Utopia

Cardinal John Morton Character Analysis

Cardinal John Morton is an honorable, prudent, and virtuous old man when he appears in Utopia, as well as the Archbishop and Cardinal of Canterbury and the Lord Chancellor of England—just as he was in real life. Both in fact and fiction, Thomas More served as a household page for Morton while still a boy, and he deeply respects his former master. We meet the Cardinal in Book I of Utopia, when Raphael Hythloday describes a conversation he had at the Cardinal’s table about certain laws and policies in England. Although the Cardinal proves to be eloquent, open-minded, and tolerant of a joke here and there, it becomes apparent that the other men at his table are impudent flatterers. That such a virtuous man tolerates such bad company suggests how quietly private interests can infiltrate human governments.
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Cardinal John Morton Character Timeline in Utopia

The timeline below shows where the character Cardinal John Morton appears in Utopia. The colored dots and icons indicate which themes are associated with that appearance.
Book 1
Travel, Discovery, and Place Theme Icon
Bad Governance, Pride, and Idleness Theme Icon
...down in 1497. Hythloday spent much of his time in England in the company of Cardinal John Morton, whom More served as a page in boyhood and whom Hythloday describes as... (full context)
Bad Governance, Pride, and Idleness Theme Icon
Ideals and Practicality Theme Icon
One day, while sitting at Cardinal Morton’s table, Hythloday fell into discussion with a cunning lawyer concerning English law. The lawyer... (full context)
Bad Governance, Pride, and Idleness Theme Icon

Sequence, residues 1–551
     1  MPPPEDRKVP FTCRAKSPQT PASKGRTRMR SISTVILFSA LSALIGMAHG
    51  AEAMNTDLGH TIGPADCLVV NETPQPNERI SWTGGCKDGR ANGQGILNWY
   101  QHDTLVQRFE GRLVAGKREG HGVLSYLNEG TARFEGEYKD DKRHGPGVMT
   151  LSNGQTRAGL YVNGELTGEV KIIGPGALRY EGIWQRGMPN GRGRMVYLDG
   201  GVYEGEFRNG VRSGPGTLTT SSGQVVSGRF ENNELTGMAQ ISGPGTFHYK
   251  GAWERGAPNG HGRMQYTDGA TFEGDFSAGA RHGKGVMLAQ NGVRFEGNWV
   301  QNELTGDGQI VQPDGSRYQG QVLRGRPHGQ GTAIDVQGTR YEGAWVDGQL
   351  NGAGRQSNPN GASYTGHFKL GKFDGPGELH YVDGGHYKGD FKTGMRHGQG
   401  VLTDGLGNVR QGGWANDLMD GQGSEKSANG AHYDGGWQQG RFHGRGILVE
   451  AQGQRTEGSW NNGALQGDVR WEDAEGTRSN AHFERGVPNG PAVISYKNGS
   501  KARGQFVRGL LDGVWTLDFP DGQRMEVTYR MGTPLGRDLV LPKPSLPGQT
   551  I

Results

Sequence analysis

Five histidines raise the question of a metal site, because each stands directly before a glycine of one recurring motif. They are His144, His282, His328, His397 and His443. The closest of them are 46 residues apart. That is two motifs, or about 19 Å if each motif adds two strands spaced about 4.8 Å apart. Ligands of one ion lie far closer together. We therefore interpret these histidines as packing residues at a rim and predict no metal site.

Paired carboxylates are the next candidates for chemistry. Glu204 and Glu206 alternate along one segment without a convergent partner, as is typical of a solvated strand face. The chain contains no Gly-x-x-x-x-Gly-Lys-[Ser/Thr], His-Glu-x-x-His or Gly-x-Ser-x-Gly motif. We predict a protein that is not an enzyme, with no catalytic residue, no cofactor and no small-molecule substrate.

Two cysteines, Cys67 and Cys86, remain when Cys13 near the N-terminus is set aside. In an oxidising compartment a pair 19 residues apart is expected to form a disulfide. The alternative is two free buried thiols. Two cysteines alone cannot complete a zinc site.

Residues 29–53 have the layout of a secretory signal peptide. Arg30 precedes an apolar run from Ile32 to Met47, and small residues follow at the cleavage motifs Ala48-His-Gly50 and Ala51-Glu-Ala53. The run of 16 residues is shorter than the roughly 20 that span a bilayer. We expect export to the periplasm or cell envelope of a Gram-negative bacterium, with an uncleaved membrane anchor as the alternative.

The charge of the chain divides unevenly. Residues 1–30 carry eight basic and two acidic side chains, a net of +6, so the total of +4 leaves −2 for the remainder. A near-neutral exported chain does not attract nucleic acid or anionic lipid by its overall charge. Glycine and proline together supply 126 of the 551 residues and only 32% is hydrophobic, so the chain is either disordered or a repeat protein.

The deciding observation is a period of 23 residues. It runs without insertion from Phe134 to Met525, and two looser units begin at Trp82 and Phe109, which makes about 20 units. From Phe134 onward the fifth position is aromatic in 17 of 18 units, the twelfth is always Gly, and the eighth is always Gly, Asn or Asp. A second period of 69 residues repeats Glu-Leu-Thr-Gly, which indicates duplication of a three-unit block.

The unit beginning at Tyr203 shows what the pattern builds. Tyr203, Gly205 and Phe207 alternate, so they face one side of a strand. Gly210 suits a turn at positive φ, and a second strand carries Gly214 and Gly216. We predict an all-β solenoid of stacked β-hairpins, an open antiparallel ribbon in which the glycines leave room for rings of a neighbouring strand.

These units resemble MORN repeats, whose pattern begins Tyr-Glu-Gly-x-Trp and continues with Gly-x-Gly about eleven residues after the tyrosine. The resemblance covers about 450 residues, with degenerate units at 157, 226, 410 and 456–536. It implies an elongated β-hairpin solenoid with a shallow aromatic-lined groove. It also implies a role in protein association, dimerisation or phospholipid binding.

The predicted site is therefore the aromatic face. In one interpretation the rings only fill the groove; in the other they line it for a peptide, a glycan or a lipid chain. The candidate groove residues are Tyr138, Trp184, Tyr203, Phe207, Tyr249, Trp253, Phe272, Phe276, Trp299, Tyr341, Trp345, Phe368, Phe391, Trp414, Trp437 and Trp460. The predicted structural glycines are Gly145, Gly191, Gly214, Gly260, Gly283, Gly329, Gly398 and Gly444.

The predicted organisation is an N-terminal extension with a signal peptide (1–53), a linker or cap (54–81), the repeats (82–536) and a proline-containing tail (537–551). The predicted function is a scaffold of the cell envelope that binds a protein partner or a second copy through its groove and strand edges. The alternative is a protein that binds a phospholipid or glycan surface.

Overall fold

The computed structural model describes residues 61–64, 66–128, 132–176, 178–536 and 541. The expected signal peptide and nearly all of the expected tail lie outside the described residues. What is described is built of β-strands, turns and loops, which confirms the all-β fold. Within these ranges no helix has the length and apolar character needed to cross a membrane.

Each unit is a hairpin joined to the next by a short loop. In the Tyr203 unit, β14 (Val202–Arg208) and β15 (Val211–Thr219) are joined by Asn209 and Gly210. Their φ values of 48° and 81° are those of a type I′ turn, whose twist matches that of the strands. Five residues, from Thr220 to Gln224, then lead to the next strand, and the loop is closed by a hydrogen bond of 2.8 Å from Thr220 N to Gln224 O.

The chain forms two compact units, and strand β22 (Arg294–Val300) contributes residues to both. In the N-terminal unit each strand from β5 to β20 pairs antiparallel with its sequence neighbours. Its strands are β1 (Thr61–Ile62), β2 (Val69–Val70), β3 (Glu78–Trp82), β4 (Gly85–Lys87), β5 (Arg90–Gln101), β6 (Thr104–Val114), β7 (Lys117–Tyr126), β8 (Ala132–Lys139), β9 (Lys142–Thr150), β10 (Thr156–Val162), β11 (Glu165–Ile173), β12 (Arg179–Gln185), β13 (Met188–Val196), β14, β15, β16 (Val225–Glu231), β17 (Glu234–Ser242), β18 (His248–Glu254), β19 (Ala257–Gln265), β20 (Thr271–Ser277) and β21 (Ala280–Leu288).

The Ambiguities of Utopia Theme Icon
...rehearse each of his points in order and then counter all of Hythloday’s arguments. However, Cardinal Morton cuts him off: he doesn’t want to listen to such verbosity, and would rather... (full context)
Bad Governance, Pride, and Idleness Theme Icon
Ideals and Practicality Theme Icon
Instead, Cardinal Morton asks Hythloday how he thinks thieves should be punished, if not by death. Hythloday... (full context)
Travel, Discovery, and Place Theme Icon
Bad Governance, Pride, and Idleness Theme Icon
Ideals and Practicality Theme Icon
...would fall into danger; he says no more, but everyone present agrees with him except Cardinal Morton. The Cardinal says proof is needed to decide either way, but he is sympathetic... (full context)
Bad Governance, Pride, and Idleness Theme Icon
The Ambiguities of Utopia Theme Icon
Hythloday then tells More and Giles about a joker at Cardinal Morton’s table who tried to say witty things as a professional fool might, but more... (full context)
Bad Governance, Pride, and Idleness Theme Icon
The Ambiguities of Utopia Theme Icon
One person at Cardinal Morton’s table says that, thanks to the proposals of Hythloday and the Cardinal, both thieves... (full context)
Bad Governance, Pride, and Idleness Theme Icon
Ideals and Practicality Theme Icon
...being patient. The friar maintains that he is angry but that he is not sinning. Cardinal Morton calms the friar and tells him not to debase his intelligence by arguing with... (full context)
Bad Governance, Pride, and Idleness Theme Icon
The Ambiguities of Utopia Theme Icon
...though his companions wanted to hear it all. He points out that all present at Cardinal Morton’s table that day disagreed with his views on punishment until the Cardinal approved them,... (full context)
Bad Governance, Pride, and Idleness Theme Icon
The Public Good, Virtue, and Religion Theme Icon
Ideals and Practicality Theme Icon
The Ambiguities of Utopia Theme Icon
More thanks Hythloday for his tale, which was especially pleasant for him because he served Cardinal Morton in his boyhood. More confesses that he hasn’t changed his mind on one point,... (full context)